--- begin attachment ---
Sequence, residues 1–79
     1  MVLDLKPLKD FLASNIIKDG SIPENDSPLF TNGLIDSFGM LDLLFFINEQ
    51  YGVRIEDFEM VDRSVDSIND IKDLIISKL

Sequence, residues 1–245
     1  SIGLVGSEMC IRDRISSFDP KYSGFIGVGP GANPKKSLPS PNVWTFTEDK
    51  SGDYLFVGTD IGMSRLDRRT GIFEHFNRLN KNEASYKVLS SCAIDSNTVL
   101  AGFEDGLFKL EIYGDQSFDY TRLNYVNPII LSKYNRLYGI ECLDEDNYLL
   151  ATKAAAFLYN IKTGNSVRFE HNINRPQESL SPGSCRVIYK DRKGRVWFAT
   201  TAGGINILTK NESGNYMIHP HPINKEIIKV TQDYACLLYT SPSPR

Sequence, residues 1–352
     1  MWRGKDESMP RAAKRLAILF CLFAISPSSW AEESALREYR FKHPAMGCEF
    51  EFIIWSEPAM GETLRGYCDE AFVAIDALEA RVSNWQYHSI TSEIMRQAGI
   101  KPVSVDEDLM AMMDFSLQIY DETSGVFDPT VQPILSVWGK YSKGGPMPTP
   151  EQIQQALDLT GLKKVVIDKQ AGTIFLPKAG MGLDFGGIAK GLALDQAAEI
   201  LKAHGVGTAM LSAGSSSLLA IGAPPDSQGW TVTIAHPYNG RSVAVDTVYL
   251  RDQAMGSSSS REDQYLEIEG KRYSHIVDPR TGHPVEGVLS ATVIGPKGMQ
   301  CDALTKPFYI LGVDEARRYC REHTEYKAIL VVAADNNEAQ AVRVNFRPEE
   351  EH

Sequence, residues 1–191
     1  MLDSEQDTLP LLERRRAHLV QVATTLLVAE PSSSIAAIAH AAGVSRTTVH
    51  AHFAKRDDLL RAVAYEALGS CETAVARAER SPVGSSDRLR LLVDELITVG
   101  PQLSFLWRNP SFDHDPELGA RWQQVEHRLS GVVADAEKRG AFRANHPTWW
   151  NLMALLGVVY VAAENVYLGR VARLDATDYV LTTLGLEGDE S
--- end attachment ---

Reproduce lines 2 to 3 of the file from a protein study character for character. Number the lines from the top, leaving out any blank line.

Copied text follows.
     1  MVLDLKPLKD FLASNIIKDG SIPENDSPLF TNGLIDSFGM LDLLFFINEQ
    51  YGVRIEDFEM VDRSVDSIND IKDLIISKL